In my potager—kitchen garden, I use a method called block planting. In place of long straight rows, I grow blocks of plants. Larger crops, like tomatoes and squash, take up half of a four-foot bed, while other tidier crops, like peppers, are planted one foot apart. While it’s not as formal as square foot gardening, block planting is still a biointensive method.
Assume the square below is one bed. You could plant four indeterminate tomatoes in this space with one in the center of each square, or you could plant two tomatoes centered on one side, and four peppers on the other.
You don’t have to be tied to the 4’ x 4’ model though. You can make beds longer and narrower. The ones in my potager are rectangular instead of square. A common size is 4’ x 8’ or 4’ x 12’. It depends upon the size of your garden space and how many plants you want to grow. The four-foot width is standard because most people can reach to the middle of the bed for planting and harvesting. Any wider, and you may need to walk upon the soil, compacting it.
When I want to rotate my crops, I simply assign one bed to each type of vegetable and its companions—like herbs and edible flowers. Each spring, these plants do the shuffle. The easiest way is to move everything one square to the right each year. If you don’t want to write your plants down in a garden journal, take photos of the garden when planted in spring and save them into a notes program on your computer. I drag and drop photos into my Evernote app. It’s also where I keep all of my garden notes. When planning next year’s garden, I write down where everything is, and how I will shift the plants next year. That way, I don’t plant tomatoes, for instance, in the same place two years in a row. My state has trouble with root knot nematodes, and they can stop tomato or pepper production in its tracks. What’s worse is you won’t even know you have them until you pull up your tomatoes and see the evidence in their twisted, bumpy and gnarled roots. Crop rotation is all about location, location, location.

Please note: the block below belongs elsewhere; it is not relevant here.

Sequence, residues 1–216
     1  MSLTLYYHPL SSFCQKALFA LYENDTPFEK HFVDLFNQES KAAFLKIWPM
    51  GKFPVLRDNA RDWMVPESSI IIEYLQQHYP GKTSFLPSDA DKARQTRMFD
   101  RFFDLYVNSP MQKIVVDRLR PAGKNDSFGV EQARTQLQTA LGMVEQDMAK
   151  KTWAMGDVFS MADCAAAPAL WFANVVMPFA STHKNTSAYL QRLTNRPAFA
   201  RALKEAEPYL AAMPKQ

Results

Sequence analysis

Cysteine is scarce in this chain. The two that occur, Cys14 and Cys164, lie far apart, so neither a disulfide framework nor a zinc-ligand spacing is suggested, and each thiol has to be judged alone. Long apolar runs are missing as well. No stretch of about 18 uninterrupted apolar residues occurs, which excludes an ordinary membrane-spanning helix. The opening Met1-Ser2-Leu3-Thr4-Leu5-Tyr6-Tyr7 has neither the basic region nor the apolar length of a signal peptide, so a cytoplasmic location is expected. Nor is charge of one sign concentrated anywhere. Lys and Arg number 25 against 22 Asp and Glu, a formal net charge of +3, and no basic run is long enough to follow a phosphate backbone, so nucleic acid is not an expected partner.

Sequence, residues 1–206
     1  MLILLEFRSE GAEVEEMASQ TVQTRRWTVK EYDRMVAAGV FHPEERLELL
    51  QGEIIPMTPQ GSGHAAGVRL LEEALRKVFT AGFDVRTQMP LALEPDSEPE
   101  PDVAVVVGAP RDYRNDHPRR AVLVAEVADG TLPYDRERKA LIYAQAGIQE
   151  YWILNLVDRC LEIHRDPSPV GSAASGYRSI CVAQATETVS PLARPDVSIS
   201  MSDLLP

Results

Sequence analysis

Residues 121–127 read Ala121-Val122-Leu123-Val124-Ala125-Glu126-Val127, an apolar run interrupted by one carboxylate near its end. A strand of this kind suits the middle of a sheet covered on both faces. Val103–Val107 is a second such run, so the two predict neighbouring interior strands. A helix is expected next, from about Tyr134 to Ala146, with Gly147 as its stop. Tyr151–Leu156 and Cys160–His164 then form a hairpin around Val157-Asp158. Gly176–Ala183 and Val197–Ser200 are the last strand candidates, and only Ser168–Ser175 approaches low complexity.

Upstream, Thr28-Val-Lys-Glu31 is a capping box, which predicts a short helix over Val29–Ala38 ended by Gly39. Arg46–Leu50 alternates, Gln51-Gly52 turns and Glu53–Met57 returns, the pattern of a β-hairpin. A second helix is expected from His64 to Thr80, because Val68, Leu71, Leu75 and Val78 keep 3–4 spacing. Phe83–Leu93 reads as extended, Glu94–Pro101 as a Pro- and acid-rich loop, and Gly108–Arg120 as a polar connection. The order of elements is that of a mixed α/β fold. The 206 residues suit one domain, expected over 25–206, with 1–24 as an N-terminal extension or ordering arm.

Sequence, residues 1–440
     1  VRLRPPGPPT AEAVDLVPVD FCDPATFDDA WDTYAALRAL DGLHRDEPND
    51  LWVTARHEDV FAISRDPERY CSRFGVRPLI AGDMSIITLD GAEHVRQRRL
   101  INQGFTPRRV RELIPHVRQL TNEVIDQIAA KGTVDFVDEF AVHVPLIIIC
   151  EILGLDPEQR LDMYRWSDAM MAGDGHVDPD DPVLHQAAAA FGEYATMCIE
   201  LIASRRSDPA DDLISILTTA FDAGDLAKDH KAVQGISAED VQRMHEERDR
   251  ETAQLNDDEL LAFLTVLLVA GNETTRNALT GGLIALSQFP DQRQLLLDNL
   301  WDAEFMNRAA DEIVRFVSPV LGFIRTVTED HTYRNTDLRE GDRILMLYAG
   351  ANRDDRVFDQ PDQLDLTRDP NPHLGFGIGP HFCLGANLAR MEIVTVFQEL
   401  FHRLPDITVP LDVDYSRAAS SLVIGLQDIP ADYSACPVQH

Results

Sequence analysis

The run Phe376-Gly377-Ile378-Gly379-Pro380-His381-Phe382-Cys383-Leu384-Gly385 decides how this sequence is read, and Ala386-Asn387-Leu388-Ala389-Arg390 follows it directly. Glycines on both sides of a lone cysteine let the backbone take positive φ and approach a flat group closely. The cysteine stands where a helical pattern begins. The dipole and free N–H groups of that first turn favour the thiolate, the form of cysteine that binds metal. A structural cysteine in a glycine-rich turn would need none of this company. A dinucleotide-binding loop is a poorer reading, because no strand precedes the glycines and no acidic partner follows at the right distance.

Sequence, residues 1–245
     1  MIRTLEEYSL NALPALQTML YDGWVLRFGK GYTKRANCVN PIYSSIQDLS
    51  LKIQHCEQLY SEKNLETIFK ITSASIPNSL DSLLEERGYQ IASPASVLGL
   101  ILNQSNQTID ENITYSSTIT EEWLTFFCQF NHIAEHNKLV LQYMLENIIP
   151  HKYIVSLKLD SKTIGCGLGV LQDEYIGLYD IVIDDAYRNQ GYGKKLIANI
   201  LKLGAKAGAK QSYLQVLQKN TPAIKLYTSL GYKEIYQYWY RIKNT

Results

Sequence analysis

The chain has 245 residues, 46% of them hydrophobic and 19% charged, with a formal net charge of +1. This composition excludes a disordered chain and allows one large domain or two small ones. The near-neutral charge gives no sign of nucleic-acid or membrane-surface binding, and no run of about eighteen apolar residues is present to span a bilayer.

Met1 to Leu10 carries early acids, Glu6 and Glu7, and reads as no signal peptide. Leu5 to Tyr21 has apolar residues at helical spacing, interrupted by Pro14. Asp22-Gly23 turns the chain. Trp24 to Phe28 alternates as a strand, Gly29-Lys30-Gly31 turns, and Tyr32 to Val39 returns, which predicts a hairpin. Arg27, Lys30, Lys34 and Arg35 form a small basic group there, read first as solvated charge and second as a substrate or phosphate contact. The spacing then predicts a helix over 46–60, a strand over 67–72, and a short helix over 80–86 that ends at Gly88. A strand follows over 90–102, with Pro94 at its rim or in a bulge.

I do some of my best designing when I’m staring outside at a winter landscape. Make your notes in summer and then draw a simple garden plan in winter. Make copies of the plan, or if you’re going all digital, you can do all of this in Excel. However, if you’re the creative type, maybe you’ll want to get out your colored pencils. Either way, works just fine.
The one year I didn’t use crop rotation, I had more disease problems and bugs in my garden than ever before. Even if your garden looks perfect now, just remember a garden is never static. It’s always growing and changing. That’s what makes it fun.